It is noteworthy that although nicotine was not considered a drug to be treated in the aerticles selected for the present review, patients who also used this substance reported reduction or cessation of use after DBS.[15] [16] [17] [18] [19] Similarly, other psychiatric disorders such as obsessive compulsive disorder, Tourette syndrome, and anxiety disorder were also acting in parallel with substance-related disorders.[27] [28] [29]

Abstinence was a response to treatment in 48% of the patients. The other patients had transient relapses driven by unfavorable biopsychosocial triggers, considered negative symptoms in the studies. This manifestation is controversial since the patients no longer have the typical desire for the drug. It is assumed that drug addiction added to its neurotoxic effects may cause irreversible brain damage in relapse-associated circuits.[17]

Although most studies indicated reduced drug use and craving, three patients from different studies increased drug abuse after DBS.[14] [19] [21] One patient reported increased amphetamine use secondary to reduced heroin use due to the need to maintain weight.[14] It is interesting to analyze the reason for a decrease in the consumption of the target drug, while no reduction in the use of parallel drugs was achieved, since DBS acts in the same neurological circuit. Preclinical studies, based on the theory of activation of extracellular signal-regulated kinase, assume that each drug has a distinct type of activation, both in terms of anatomical location and intensity.[30] [31]

A patient required progressive adjustments to the stimulation parameters with no therapeutic success, and died from overdose.[19] In this case, it is important to discuss how long the patients benefit from DBS. In a study addressing the feasibility, efficacy, and safety of DBS for drug addiction, the authors noted that the inclusion of drug addicts in studies involving DBS is less successful than that of patients with obsessive compulsive disorder. This is motivated by the fact that the former do not accept the disease, deny its severity, do not consider it an addiction, and some of them are afraid of the surgical procedure.[32]

No life-threatening conditions occurred in any of the studies included in the present systematic review. The adverse effects reported by the patients analyzed are targets of studies in other psychiatric disorders, which focus on behavioral and personality-related effects ranging from hypomania to suicide. Although they were transient and were corrected after changing the parameters of the DBS stimulation, attention should be paid to them given that, in some situations, they might be life-threatening. Therefore, in order to provide an early diagnosis for these conditions, it is important to apply self-assessment scales.[33] [34] [35] [36] [37] In the studies reviewed, dependence and self-assessment scales were applied before and/or after DBS as ways to assess the therapeutic response. A decrease in values was registered, especially in scales that evaluated dependence, desire, obsession-compulsion, and depressive-anxious symptoms.

In the joint approach of the patient, the drug, and the environment tripod,[38] it is important to reinsert people into their social groups through complementary treatments such as psychotherapy and family therapy. In the present review, a small sample was submitted to associated alternative therapies;[14] [17] [18] [19] [21] [22] consequently, it was not possible to analyze their real impact on post DBS follow-ups. However, in a group of patients only submitted to psychiatric support, this lack of complementary treatments was negatively perceived. One of the patients had several relapses due to depression because of the death of his brother, and another one started undergoing psychotherapeutic treatment 24 months after DBS due to marital problems that also led to a depressive condition.[17]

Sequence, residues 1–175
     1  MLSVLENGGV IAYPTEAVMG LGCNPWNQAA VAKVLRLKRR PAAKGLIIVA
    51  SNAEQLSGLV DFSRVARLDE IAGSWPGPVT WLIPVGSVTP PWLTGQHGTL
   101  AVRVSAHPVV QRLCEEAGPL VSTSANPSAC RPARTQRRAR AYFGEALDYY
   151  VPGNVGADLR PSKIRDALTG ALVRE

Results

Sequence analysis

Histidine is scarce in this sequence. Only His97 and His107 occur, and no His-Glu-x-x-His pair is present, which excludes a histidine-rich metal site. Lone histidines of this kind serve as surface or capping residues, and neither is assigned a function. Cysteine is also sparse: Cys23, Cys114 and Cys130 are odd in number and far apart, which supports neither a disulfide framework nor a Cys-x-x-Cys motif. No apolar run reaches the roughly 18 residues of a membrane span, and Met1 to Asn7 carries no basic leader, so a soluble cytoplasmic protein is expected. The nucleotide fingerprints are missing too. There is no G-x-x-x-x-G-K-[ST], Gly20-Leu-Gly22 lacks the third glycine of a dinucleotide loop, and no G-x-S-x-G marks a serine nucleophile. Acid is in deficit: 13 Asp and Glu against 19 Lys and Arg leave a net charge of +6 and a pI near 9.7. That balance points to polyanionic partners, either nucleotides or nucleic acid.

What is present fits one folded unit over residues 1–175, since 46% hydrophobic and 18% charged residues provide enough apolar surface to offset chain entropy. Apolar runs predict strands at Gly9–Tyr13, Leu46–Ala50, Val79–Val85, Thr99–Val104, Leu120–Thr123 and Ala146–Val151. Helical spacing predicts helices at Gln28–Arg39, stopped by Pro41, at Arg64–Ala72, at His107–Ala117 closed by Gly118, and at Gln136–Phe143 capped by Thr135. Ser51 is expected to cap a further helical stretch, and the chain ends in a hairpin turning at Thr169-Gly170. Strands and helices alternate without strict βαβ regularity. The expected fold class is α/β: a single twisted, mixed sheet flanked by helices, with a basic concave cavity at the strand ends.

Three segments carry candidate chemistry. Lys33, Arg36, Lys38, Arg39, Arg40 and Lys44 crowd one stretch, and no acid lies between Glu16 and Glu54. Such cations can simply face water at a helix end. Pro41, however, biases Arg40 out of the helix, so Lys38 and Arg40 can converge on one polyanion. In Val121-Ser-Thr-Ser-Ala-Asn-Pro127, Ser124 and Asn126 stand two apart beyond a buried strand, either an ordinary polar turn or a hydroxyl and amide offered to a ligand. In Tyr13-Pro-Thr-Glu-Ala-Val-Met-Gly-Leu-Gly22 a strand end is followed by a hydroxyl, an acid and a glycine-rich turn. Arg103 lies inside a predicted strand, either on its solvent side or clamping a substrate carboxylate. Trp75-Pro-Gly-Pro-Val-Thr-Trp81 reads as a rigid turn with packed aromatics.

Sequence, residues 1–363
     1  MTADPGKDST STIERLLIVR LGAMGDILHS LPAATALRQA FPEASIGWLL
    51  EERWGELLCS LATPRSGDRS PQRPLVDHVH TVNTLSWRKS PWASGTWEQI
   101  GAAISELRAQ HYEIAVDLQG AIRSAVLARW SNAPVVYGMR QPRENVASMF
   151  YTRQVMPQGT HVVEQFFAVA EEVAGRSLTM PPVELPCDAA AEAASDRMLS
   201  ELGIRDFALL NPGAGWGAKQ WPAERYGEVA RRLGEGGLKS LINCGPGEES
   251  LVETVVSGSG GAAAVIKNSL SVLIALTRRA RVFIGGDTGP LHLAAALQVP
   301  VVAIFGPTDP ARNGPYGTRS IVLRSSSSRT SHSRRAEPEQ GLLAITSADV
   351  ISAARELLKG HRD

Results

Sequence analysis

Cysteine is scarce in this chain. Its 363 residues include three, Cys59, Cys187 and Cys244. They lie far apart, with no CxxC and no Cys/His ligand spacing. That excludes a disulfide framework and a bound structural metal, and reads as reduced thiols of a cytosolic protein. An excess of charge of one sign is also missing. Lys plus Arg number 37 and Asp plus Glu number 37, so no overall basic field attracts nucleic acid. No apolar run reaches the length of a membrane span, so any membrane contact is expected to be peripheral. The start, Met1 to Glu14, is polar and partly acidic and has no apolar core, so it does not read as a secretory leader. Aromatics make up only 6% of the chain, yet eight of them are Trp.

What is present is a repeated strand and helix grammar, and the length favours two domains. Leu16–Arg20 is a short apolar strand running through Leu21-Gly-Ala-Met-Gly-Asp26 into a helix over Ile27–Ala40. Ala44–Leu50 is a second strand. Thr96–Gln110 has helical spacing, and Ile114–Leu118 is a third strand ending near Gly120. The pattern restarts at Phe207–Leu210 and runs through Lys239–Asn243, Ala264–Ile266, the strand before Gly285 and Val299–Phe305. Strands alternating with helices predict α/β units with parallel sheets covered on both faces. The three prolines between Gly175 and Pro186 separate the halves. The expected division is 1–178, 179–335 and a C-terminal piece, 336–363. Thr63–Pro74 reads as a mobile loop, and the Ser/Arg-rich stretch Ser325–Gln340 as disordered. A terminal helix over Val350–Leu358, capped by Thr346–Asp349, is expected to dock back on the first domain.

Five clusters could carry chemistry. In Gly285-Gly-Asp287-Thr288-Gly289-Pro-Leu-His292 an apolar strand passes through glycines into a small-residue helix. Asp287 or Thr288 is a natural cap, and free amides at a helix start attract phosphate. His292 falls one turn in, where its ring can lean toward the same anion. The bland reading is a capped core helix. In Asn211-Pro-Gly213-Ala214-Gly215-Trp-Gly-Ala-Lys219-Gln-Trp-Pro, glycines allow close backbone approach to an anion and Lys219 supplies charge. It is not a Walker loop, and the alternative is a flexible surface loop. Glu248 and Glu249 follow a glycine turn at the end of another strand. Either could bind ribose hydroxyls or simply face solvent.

Some limitations should be considered in the present review. First, most of the selected studies are case reports that were not double-blinded, lacked a control group, and had restricted samples and variable follow-up periods. Second, since DBS is a treatment based on experimental studies conducted in a university environment, no guidelines are available to assist the professionals during its execution, and each service adopts its own consensus.[5] Third, the patient's mental ability to choose therapy is discussed, and this responsibility is often assumed more by the family than by the patients themselves. Finally, in most studies, the multidisciplinary approach was neglected. Deep brain stimulation should not be considered an isolated treatment, but part of a multicenter approach for the potential enhancement of the results.


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Conclusion

Substance-related disorders have a strong biopsychosocial impact. Pharmacological treatment associated with cognitive behavioral therapy, which is considered the gold standard for this treatment, is effective regarding detoxification, but ineffective in terms of relapse control.[39] Therefore, DBS appears as a promising therapy, although this technique has some limitations related to its indication and the management of the patient after it. Additionally, this surgical procedure is still in an experimental stage, requiring further in-depth studies so that its clinical application can be recommended.


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Conflict of Interests

The authors have no conflict of interests to declare.


Address for correspondence

Ledismar José da Silva, MSc
Departamento de Medicina, Escola de Ciências Médicas, Farmacêuticas e Biomédicas, Pontifícia Universidade Católica de Goiás (PUC-Goiás)
Avenida Universitária 1.440, Setor Universitário, 74605-010, Goiânia, GO
Brazil   


  
Zoom Image
Fig. 1 Study selection for the systematic review.